1. Curious….do you consider the WHIP (1.06), BB/9–3.3, K/9—10.5 ‘raw stats’ vs part of the modern stat metrics?

        1. WHIP is not, at all. Especially after Voros McCracken and the popularization of DIP. The others … a little of both, I guess. It’s true that you didn’t see those specific metrics much 20 years ago, but I’d say that K totals (and BB totals to a lesser extent) have always been in the forefront of player evaluation.

          But my point wasn’t that he looks “bad” by modern statistical methods – I’m talking about the types of people who are skeptical about JRod. Modern stat guys – and honestly, that isn’t the best term for them, for this very reason – are generally very cognizant of fact that velocity is very, very important in predicting pitcher success. Not the ONLY important factor, but important enough that, if he really is in the 86-89 range, he has ZERO chance of being an “ace,” no matter how good his stuff is otherwise. And even at 90-91 the chances of that level of success are pretty low.

            1. This is really what it comes down to. And also why the common perception of the “SABR” crowd is a little off (or in some cases a lot off, cough Marfis, cough). Ideally what we should be doing is considering a whole range of evidence. In this case the evidence is statistical in a sense, but not the kind of statistical evidence that is the stereotypical “stat geek” type of stat.

              Now, to be clear, even if the skeptics are right we could have a nice 4/5 starter, and that type of player has real value. But if the skeptics are wrong, it’s going to be because his velocity is higher than reported. It’s not going to be because he dominates major league hitters with deception & low velocity.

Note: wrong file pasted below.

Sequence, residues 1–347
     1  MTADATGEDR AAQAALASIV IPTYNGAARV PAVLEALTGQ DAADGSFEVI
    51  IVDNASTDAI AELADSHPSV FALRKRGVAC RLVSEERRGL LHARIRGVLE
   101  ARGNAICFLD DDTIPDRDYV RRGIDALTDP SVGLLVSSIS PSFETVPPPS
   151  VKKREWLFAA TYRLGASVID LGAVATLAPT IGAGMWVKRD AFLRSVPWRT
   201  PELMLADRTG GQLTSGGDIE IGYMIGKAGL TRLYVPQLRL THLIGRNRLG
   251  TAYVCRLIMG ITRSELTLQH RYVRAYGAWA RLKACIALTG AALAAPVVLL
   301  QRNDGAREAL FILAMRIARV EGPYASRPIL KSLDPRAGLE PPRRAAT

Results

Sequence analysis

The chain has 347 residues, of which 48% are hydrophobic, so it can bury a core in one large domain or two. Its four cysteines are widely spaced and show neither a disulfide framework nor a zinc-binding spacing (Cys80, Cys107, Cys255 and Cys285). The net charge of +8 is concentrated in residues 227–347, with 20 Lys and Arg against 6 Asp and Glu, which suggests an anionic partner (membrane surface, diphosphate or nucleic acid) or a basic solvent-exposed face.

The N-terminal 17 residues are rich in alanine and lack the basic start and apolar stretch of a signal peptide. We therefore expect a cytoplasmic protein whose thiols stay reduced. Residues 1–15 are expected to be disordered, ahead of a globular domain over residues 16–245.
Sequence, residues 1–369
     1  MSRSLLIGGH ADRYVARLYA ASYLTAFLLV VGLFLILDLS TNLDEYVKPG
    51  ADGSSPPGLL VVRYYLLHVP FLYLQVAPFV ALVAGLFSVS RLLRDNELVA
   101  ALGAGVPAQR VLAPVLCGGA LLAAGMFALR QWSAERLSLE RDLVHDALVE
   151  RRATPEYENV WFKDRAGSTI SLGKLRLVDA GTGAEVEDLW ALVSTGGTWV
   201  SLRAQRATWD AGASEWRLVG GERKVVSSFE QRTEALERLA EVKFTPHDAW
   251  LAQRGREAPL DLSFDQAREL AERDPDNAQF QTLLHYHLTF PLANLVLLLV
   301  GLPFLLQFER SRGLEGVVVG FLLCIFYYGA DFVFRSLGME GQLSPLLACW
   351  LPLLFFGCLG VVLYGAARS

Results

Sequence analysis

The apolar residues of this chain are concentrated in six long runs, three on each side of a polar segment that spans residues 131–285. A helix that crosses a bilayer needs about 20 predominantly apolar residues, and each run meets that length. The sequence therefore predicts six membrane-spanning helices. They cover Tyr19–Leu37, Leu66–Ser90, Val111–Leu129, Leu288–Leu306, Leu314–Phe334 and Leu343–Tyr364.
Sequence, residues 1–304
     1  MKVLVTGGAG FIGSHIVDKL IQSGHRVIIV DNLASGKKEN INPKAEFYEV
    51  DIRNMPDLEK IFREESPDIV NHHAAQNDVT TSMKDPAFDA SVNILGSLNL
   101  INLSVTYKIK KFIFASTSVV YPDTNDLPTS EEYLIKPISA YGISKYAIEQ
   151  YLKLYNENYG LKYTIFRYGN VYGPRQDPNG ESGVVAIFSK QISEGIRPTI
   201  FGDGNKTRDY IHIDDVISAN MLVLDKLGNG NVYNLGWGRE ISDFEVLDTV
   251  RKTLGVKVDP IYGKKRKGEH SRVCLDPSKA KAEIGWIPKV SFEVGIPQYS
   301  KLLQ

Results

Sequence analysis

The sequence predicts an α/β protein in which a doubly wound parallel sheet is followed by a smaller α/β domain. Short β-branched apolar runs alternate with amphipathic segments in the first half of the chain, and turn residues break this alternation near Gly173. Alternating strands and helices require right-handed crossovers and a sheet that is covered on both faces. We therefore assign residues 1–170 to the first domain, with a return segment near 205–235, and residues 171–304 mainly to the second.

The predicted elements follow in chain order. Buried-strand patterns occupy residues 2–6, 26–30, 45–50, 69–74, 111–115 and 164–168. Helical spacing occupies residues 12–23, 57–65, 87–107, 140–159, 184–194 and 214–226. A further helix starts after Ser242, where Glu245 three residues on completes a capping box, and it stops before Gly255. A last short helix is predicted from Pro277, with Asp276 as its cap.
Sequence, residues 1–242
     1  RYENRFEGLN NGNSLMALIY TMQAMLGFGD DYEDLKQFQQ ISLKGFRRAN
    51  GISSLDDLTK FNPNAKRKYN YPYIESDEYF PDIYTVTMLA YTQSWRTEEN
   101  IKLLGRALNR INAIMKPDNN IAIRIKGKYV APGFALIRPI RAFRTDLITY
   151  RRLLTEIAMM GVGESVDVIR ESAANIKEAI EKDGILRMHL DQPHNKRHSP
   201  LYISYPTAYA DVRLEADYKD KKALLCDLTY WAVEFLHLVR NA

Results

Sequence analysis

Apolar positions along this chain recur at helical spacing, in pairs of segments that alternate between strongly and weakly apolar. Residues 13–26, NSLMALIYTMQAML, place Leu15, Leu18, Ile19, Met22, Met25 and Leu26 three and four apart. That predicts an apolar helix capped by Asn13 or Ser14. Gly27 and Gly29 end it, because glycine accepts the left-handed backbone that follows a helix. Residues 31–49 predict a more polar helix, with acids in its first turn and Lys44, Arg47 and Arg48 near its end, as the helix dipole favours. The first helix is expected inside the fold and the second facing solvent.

2. He had a great BABIP (even though against last year of .238 which in combination with him switching to a hitter friendly AA park (and the increase in talent) leads me to believe he will probably take a step back. That said, his 2010 year was literally as dominant as it appeared… his ERA was 1.44 and his FIP was 1.69… so, it isn’t impossible that he’ll continue doing well.

        I personally ascribe to all 3 catigories, I think there is some value in looking at hard metrics (and i don’t mean wins and losses, i mean more like Walks, Strikeouts and ERA), it’s the only way i can justify pitchers like Matt Cain, at the same time, I look at advanced metrics, my favorite of which is probably BABIP for hitters (and no, i don’t want to strike up the conversation about what it’s a flawed stat because of the angle of the ball off the bat and it’s velocity after contact), and FIP for pitchers. As for scouting, scouting in the majors carries much less value to me then it does in the minors.

        In Jrods case, he’s got 1 vote for his ceiling as a #1 pitcher (hard stats), 1 vote for him as a 5th starter or AAAA player (scouts) and 1 as a 3rd/4th we’ll say (hard metrics). That’s what makes him particualrly interesting to me, and super entertaining to see play out. I’m not saying he’s a blue chip prospect, just that 3 different philosophies view him very differently

        1. yes..that is why this is such a wide-open debate. IMO, if his ‘velo’ sat steady at 92/93, touching 94/95…there would be no debate,either raw stats or mod stat metrics.

          1. Well yes. I think that there are plenty or reasons to doubt that his velocity is consistently (or even often) at that level. Even if it is, I think people underestimate the kind of talent/stuff/performance that an “ace” type pitcher typically demonstrates in the minor leagues, but certainly if his velocity is that high his ceiling is probably an “ace.”

        2. I don’t really think you can break it down that way though. The way I see it … IF his velocity is as slow as reported … that pretty much trumps everything else – at least in terms of the more optimistic projections (“ace”). Which isn’t to say that he doesn’t, even if his velocity is that low, have a chance of making it as a 4/5 starter.

          Relatedly, I tend to think that, in evaluating pitching prospects especially, scouting generally trumps everything else. That’s not true of hitters. I have no logical reason why that should be the case, just observing that in fact it does seem to be the case.

          1. yes agree,,,scouting on the pitchers apparently has more of a hgher value vs that of the hitters…and we see somewhat the opposite of JRod in Brody Colvin. Scouts seem to be higher on him and Colvin’s stats relatively pale in comparsion to JRod.